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Strike: Issues would be resolved earlier if enough concern was shown, ASUU tells Buhari

The Academic Staff Union of Universities (ASUU) says it would have suspended its ongoing strike if concern was shown by the federal government in the early stages of the industrial action.

Emmanuel Osodeke, ASUU president, said this on Saturday in an interview with NAN in Lagos.

Earlier on Saturday, in his speech to mark Nigeria’s 62nd independence anniversary, President Muhammadu Buhari had urged ASUU to call off the seven-month strike, adding that his administration will address their demands.

“I must confess that I am very pained by the recurring disruption to our tertiary education system and I am using this Independence Day celebration to re-iterate my call for the striking Academic Staff Union of Universities (ASUU) to return to the classroom while assuring them to deal with their contending issues within the limits of the scarce resources available,” Buhari had said.

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“This administration has made appreciable progress in redressing these issues that have been lingering for over eleven years.”

Speaking on the development, Osodeke said the union has always been open to dialogue that would bring lasting solution.

He also said ASUU is “not happy” that the protracted strike by its members has not been resolved.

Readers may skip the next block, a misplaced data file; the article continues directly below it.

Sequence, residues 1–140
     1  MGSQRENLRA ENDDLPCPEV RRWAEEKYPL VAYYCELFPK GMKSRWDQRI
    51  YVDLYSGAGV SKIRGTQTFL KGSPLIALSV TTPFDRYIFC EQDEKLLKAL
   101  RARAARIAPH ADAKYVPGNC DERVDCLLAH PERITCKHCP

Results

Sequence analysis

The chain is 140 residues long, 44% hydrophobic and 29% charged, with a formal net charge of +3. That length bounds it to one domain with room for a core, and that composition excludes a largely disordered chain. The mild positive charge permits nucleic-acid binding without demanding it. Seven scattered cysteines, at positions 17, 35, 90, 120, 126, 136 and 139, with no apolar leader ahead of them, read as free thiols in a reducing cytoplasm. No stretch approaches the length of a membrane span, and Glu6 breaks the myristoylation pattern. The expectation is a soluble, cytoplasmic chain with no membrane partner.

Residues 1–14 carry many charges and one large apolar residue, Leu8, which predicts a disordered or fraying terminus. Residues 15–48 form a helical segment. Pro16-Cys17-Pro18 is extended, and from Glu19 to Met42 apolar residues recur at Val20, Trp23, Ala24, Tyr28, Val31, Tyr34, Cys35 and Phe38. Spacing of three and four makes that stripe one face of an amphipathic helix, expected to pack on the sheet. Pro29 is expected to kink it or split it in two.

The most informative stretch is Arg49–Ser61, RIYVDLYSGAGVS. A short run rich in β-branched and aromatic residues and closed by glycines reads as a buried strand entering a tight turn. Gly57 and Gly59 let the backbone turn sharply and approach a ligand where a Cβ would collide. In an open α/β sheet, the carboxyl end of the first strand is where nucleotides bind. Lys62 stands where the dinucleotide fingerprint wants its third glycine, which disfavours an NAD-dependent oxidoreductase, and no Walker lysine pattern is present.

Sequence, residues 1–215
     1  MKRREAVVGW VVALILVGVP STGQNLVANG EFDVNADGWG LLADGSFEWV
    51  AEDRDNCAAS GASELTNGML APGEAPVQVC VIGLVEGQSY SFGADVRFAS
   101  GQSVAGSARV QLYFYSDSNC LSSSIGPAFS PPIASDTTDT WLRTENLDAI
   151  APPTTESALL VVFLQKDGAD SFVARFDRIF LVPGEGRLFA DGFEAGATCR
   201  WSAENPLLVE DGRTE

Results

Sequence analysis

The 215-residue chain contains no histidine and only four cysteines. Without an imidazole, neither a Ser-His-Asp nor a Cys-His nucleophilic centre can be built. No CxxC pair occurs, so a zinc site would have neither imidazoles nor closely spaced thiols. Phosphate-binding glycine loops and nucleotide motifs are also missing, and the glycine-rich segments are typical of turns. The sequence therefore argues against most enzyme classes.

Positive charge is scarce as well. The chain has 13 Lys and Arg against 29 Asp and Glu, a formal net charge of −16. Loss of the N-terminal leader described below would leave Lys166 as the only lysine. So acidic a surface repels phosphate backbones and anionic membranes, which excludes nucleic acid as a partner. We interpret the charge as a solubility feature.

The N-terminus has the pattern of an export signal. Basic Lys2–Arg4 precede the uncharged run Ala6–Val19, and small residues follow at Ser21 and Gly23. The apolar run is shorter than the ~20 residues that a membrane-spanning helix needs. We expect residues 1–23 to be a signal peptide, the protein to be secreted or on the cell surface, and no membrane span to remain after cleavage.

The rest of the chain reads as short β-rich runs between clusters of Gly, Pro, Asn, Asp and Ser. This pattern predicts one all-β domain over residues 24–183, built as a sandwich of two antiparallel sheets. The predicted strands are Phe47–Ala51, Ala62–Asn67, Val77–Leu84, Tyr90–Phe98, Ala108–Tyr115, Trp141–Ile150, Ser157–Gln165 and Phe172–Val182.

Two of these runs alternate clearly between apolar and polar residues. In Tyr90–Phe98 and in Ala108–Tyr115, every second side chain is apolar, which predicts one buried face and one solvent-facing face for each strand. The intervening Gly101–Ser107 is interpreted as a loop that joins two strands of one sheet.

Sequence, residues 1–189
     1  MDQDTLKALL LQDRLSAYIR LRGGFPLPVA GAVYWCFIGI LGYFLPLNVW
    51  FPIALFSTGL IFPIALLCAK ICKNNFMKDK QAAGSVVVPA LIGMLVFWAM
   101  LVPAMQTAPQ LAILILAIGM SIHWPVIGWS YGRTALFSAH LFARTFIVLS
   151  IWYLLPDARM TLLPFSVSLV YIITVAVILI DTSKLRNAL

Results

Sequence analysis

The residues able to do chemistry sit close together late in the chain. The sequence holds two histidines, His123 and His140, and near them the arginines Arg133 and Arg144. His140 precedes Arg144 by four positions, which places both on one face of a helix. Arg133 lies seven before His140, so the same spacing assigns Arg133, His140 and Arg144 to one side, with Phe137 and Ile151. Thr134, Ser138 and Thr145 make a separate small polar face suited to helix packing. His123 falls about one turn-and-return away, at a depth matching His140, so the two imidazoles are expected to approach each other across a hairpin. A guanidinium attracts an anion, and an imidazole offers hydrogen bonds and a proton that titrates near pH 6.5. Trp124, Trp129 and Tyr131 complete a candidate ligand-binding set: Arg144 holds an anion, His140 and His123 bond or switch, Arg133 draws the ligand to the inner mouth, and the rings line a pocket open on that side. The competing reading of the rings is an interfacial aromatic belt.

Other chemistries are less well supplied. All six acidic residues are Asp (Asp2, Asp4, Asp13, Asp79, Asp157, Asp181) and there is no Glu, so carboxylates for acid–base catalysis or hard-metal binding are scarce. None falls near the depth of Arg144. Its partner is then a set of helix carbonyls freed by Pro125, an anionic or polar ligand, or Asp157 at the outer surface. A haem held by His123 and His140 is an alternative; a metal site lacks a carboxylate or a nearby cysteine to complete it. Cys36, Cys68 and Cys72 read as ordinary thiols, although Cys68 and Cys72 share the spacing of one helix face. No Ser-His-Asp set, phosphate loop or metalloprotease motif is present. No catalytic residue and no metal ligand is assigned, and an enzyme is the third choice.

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“Today, we are celebrating our independence as a nation, and I think it calls for deep reflection by all,” Osodeke was quoted as saying.

“This issue would have since been resolved if enough concern was shown at the early stage.

“We are not happy that our children have been at home for this length of time.”

Also speaking, Chinwe Obaji, a former minister of education, decried the incessant disruption of the academic calendar of universities.

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“The expression by President Buhari on the matter during his broadcast today is touching. And I really pray he swings into action,” she said.

“These children have suffered so much mental stress. They have been the ones bearing the brunt in all these, for a fault that is by no means theirs.

“The question now is ‘how are the lecturers going to make up for this lost time should they decide to go back to class?’ Most of these students refer to us, including the lecturers, as their parents and in all of these, they have not been found wanting.

“Rather, they have been at the receiving end whenever strikes like this occur.”

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She recalled a period when the universities witnessed such protracted strike by lecturers in the past.

“These students were made to start examination two weeks after the strike, and to me, it’s a great disservice to not just them, their parents, but to the entire nation at large,” Obaji said.

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“These students, during this period, could have been exposed to all forms of vices and avoidable calamities, just as they will also pay their rents — for those living off campus — irrespective of their long absence.”

She emphasised the need for ASUU to have a rethink and seek an avenue to resolve the issue amicably for the sake of the students.

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Obaji also said lecturers must find means of making up for the lost time for the students and not just resume to rush them into writing examinations.

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